Most of us tend to look at chess primarily as a game and a form of entertainment. That is certainly where the desire for giant chess sets tends to come from, and in the right situation they can provide endless amusement. As much as chess is primarily used for entertainment purposes though, it is also a game that is known to produce legitimate health and mental benefits.
In totality, the benefits of chess are actually quite significant. The game elevates creativity, makes players more skilled at forming plans, and can have a calming effect that in some cases is used to stave off panic attacks. Chess is also believed to increase players’ self-awareness, protect against dementia, and even improve general intelligence. That’s an awful lot to take from a classic board game most of us start playing (at least a little bit) as children!
What’s interesting though is that chess is not the only tabletop game that people claim to draw mental perks and/or health benefits from. In fact, many if not most such games can be said to provide some benefit to players. And with this in mind, we decided to look into how exactly chess compares to some of these other games.
Checkers is typically the first game that comes to mind when one thinks of counterparts to chess, and in many respects the games are similar. Certainly, there are crucial differences in what kinds of pieces are on the board, how they move, and what the ultimate objective is. But the basic format — player versus player, taking turns moving pieces around a grid — matches up in both games.
Fundamentally, checkers is less complex than chess. As one piece on mastering checkers put it, the game is ultimately one of mental attrition, wherein the best way to lose is to make a mistake. This is another way of saying that there are correct moves to make, whereas chess is a bit more open. This decreased complexity takes away from some of the genuine health benefits one can gain from chess — but does not stop checkers from providing some of the same perks. It can certainly help players learn how to plan, assess situations, and become more self-aware. Checkers can also have a calming, almost meditative effect, and can train players to improve concentration.
We could cover a number of different card games within a broader discussion on table games, but poker is the most relevant of the bunch. Its popularity is at least similar to that of chess, and its complexity makes it more worthwhile to consider than, say, blackjack or hearts. Furthermore — as with chess — there are established mental benefits that players can draw from regular poker play.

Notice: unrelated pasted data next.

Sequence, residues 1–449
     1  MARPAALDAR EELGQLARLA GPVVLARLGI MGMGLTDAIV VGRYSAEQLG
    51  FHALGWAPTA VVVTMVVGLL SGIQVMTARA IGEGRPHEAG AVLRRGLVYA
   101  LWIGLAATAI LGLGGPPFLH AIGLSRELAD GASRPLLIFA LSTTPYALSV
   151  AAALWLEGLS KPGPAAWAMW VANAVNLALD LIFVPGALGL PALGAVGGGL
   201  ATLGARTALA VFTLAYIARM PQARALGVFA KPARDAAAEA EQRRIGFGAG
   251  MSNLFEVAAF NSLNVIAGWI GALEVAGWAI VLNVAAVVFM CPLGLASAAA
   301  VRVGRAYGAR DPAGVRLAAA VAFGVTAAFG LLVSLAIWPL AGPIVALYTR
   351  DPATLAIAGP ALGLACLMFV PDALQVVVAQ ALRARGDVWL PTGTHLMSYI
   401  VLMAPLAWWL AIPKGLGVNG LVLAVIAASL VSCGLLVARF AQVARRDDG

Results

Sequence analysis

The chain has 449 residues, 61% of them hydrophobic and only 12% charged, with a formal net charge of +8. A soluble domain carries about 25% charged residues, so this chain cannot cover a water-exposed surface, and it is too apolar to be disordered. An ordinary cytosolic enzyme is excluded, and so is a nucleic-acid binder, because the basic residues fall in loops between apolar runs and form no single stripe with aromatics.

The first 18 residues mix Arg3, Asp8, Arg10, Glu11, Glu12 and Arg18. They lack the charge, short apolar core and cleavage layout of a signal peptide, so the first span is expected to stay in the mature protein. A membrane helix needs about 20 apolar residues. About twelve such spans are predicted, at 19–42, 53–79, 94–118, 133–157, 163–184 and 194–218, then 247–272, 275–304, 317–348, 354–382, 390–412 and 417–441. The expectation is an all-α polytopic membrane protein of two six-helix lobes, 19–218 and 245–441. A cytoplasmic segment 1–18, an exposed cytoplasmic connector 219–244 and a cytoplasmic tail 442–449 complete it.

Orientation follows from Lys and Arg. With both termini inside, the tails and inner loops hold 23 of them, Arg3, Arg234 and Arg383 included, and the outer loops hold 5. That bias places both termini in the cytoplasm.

These benefits cover a fairly broad range, and are more related to the learning of new skills than to anything explicitly health-related. Specifically, poker players learn to accept defeat and maintain positive outlooks; they develop resilience that can stay with them beyond the tables; they learn emotional intelligence, and how to make decisions calmly and rationally; and they pick up the habit of treating their own mistakes constructively. While the benefits of chess are arguably more extensive, we’d argue that these learned mental skills can be shared by players of either game.
Strictly speaking, chess and checkers are board games, and just about anything played on top of a table can be thought of similarly. For the purposes of this discussion though, we’re using this category to refer to what people traditionally think of as board games — things like Monopoly, the Game of Life, Risk, Clue, and so on.
There is less discussion generally about how players can benefit from these types of gaming experiences. Where games like chess and poker actually inspire studies and research examining benefits, board games are treated more casually. We can at least assume, however, that some of the perks of the other games discussed here translate to ordinary board games. In particular, they ought to have a similar capacity to calm players’ minds and improve players’ ability to make plans on the go. Additionally, it is commonly acknowledged that there are social perks to playing board games. As to legitimate health benefits or learned skills however, there isn’t as much to say for these games.
All in all, we’d still rank chess on top in terms of different tabletop games’ potential to benefit players’ health and minds. But looking through alternatives like checkers, poker, and other board games, it’s clear that some of the benefits — particularly regarding learned mental skills and behavior — are shared.